Ruth you are more than welcome to all the shotweed in my garden! Yesterday I spent hours weeding and have hours of weeding left. Not sure why there is such an infestation – perhaps in the soil we had delivered? There are large mats of the nasty stuff.

  25. Debora, It could be that the soil you had delivered had seeds or it could be that seeds blew into your amended beds and took hold. In any case, get it up now or it’ll just be worse later.

  26. Paul says:

    Regarding weeds in topsoil and Shot weed in particular….. If your topsoil or mulch comes from a source that uses urban yard waste you’ll have LOTS of weed seed because everyone dutifully puts their weeds into the Yard Waste container and off it goes to ‘Recycling’. Composting does not get hot enough to kill seeds, end of story, so if you put Shot weed into Yard Waste as so many do, you are guaranteed to be spreading the stuff you are cursing contributing to the spread of weeds in the form of your own noxious weed seed in future compost. Cedar Grove compost is absolutely terrible in this regard and I would recommend NOT buying it for that reason. I refuse to put Shot Weed or any other seeding weed waste into Yard Waste for this very reason. Mine goes into the Garbage bin and off to a landfill, not to someone else’s garden.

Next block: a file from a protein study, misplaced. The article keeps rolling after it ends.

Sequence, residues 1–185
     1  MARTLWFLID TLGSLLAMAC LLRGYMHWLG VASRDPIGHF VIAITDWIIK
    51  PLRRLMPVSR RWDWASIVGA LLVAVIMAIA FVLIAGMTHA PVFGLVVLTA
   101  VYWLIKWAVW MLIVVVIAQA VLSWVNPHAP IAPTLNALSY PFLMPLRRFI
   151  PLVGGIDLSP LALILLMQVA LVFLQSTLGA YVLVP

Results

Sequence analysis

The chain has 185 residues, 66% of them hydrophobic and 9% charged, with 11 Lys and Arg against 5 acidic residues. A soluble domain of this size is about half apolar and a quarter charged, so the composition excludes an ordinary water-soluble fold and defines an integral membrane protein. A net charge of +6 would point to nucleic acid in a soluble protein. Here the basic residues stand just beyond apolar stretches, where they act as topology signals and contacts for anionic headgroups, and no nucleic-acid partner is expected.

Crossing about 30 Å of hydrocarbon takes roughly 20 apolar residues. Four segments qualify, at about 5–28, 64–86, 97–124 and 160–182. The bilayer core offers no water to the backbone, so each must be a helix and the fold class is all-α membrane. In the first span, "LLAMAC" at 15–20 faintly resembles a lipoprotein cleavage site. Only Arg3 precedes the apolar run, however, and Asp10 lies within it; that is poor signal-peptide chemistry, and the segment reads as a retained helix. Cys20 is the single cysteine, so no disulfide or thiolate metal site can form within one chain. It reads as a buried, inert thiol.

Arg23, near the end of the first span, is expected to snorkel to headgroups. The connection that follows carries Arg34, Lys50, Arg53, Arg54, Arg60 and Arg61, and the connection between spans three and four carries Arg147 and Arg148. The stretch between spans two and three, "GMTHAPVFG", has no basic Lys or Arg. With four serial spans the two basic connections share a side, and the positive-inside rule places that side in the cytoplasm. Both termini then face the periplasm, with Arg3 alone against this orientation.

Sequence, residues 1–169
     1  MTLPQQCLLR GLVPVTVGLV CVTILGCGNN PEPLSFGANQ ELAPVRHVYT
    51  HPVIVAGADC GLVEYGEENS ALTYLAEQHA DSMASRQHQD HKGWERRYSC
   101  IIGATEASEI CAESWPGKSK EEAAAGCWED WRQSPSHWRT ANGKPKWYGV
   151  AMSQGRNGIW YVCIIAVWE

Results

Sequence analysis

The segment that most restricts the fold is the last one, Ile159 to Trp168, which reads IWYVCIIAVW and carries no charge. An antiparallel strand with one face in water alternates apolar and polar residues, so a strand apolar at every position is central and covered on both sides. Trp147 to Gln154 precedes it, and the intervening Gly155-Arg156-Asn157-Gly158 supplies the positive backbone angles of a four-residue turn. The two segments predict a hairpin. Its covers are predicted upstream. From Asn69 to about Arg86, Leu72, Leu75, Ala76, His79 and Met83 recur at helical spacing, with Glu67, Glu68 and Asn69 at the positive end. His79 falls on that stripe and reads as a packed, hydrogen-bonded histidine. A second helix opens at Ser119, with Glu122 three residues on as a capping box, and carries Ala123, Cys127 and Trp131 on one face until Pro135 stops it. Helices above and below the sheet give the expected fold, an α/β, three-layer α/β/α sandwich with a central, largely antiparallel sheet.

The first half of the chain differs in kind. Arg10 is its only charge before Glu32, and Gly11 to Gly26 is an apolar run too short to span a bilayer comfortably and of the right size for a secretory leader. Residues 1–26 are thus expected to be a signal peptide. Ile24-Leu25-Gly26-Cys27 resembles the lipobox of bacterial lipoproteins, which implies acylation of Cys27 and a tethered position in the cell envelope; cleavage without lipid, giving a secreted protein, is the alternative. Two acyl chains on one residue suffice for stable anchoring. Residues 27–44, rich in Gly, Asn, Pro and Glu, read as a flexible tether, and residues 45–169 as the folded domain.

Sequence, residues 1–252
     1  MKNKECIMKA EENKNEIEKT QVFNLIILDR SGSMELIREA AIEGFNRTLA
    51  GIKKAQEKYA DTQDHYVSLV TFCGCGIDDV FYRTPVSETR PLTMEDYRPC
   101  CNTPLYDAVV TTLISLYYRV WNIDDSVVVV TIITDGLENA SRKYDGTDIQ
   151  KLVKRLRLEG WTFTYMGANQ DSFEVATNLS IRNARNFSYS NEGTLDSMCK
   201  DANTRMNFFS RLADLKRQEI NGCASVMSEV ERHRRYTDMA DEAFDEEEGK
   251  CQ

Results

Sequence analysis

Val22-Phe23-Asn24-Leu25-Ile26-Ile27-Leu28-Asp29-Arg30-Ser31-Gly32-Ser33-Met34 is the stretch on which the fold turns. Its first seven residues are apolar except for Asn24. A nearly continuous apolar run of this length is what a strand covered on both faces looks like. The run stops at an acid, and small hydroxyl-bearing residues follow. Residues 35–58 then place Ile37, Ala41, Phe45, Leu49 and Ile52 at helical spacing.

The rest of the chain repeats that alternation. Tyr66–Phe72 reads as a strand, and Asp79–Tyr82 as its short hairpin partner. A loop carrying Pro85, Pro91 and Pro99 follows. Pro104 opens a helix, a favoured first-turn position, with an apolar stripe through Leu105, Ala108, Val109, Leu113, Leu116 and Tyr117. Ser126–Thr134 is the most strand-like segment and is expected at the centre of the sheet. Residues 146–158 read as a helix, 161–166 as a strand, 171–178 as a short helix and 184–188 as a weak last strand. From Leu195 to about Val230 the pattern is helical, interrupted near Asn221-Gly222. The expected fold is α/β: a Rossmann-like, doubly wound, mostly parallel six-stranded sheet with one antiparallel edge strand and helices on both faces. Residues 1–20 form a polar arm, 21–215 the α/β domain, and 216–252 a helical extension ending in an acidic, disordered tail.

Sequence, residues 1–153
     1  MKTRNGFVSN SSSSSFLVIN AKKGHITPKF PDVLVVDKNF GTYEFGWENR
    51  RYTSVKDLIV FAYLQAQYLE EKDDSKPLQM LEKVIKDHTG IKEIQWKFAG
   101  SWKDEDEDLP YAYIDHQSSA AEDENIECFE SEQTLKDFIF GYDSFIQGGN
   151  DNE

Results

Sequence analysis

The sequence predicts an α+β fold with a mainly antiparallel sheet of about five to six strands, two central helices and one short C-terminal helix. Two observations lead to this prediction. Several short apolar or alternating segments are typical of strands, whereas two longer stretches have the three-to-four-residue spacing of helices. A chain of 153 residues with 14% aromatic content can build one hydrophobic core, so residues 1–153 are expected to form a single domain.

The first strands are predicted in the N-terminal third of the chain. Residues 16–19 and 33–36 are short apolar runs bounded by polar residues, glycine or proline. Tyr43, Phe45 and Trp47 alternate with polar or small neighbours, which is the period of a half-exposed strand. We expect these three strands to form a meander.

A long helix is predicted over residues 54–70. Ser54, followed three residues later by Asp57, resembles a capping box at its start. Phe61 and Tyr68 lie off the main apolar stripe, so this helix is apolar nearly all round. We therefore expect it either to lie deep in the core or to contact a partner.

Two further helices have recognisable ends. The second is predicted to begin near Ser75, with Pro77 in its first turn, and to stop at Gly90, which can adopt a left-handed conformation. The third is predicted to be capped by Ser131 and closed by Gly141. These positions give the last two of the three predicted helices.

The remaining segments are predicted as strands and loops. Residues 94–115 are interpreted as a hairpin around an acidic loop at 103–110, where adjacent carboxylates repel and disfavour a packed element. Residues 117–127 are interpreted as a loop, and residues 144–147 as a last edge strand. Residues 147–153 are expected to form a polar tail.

27. Paul, Thanks for writing in. While we would agree that many finished commercial composts do harbor weed seeds or create environments where weed seeds will readily germinate, we would also point out that Cedar Grove’s most recent online quarterly quality assurance report indicates zero weed germination rates (http://cedar-grove.com/docs/Fine_quarterly-10-29-2013_New_logo.pdf). While home compost systems are rarely hot enough to cook weed seeds to a point where they are no longer viable, the systems at places like Cedar Grove essentially cook the life out of everything they compost.

  28. […] you liked the reminder from earlier this week about the return of autumn Shotweed? Well, here’s a reminder that the dandelions are showing up again. They love this weather. […]

  29. Beth says:

    Thank you everyone for clearing this up – was out weeding today and came across large patches of this with my son (in Seattle). We could not figure out what it was. Jumping bugs?? Googling led me to this site…we have our work cut out for us – it’s everywhere.

  30. Beth, glad we could help…at least help you figure out what it is…pulling and eradicating it is up to you & your son. Fortunately, this isn’t the hardest weed to pull.

  31. Bobby says:

    Shotweed is also an excellent forage for chickens. It’s one of the first greens available for them in the winter, and chickens will devour both the plants and the seeds.